After the service, the cantor, my husband (head of the Ritual Committee) and I discussed the situation further, as it's likely to occur in the future, and I promised the cantor that I would pose a sh'elah (question of Jewish religious law) to my "G-d squad" of rabbis, cantors, and rabbinical and cantorial students whom I've encountered online or in person.

It wasn't until later that I realized what an idiot I was.  I couldn't ask the Orthodox folks on my "G-d Squad," because, obviously, they'd say that, without ten men for a minyan, we shouldn't be doing a Torah reading in the first place.

But then I realized that my question would sound equally absurd to a non-Orthodox rabbi.  Think about it for a minute.  When you go to an Orthodox synagogue and they have a minyan on a day when the Torah is read, everyone who's eligible to be counted in the minyan is also eligible to get an aliyah.  Why on earth would the same not be true of a synagogue that counts women in a minyan?  How could it be, that a synagogue/chavurah/etc. that has a minyan doesn't have enough people for all of the aliyot?

Is there any possible halachic justification for excluding from eligibility for an aliyah anyone who's eligible to be counted in a minyan?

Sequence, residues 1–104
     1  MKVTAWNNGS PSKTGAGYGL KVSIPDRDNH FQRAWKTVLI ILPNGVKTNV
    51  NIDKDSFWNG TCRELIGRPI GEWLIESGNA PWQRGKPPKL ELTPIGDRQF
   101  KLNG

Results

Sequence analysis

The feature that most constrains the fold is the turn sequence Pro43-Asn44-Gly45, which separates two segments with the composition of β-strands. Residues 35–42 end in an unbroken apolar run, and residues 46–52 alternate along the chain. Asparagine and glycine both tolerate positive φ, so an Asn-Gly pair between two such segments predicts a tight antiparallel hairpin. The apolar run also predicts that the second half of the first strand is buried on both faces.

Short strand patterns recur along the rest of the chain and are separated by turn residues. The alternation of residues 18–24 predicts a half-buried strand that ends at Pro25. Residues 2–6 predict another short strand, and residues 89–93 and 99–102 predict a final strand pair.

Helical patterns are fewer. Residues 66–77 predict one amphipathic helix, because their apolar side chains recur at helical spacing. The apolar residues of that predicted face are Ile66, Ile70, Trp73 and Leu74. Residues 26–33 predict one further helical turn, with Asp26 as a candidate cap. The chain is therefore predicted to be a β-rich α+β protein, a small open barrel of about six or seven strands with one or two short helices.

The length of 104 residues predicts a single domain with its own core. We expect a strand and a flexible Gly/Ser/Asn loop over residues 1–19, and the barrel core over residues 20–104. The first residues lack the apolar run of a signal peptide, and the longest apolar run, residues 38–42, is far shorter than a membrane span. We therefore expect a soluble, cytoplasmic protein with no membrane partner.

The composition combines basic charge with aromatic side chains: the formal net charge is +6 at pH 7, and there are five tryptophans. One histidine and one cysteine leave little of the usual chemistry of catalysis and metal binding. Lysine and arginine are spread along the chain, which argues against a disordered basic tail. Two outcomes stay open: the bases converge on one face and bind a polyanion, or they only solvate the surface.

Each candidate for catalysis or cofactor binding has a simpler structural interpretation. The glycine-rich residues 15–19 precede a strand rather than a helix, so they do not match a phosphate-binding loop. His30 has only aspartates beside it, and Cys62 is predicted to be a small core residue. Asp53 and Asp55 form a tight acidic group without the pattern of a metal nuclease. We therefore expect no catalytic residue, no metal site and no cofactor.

Monday, May 20, 2013

Modern Marketing, or Caveat Emptor/Buyer Beware

Read the Ingredients
In the interest of maintaining our health, we're been trying to cut down on chemical additives in our food.  But sometimes, we run out of luck without even knowing it.  My husband bought a box of cookies labeled "all natural," and they turned out to have both vanillin and mono- and di-glycerides in them.  I didn't do any better--the "all natural" cookies that I bought had sodium acid pyrophosphate in them.  Next time, maybe we should try organic.

Bricks vs. clicks
I just saved roughly $5 by buying a book online and having it delivered rather than buying it in person at a book store.  Yep, some modern retailers actually discriminate against people who do their shopping the old-fashioned way.

Friday, May 17, 2013

Parshat Naso, 5773/2013 thoughts

Nothing new on Naso for now, but here's a link to all my previous Naso posts, and one of Elie's, as well.  Shabbat Shalom.

On second thought, I just took another look at Haftarat Naso and noticed that Manoach's unnmamed wife had the good sense not to ask the angel his/her/its name, but Manoach did not.  As I said in a previous post, the man had no seichel/common sense.

Conservadox looks at the Sotah ritual from a completely different angle.

Tuesday, May 14, 2013

Gathering thoughts for our shul's Tikkun Leil Shavuot

It occurred to me, when I was writing my recent Parshat B'midbar post, that the role of some of the women of the Tanach, as with some of the men, is also "in keeping with the biblical pattern of (almost) always avoiding giving leadership positions to person(s) who would have been the obvious choice(s), back in biblical times."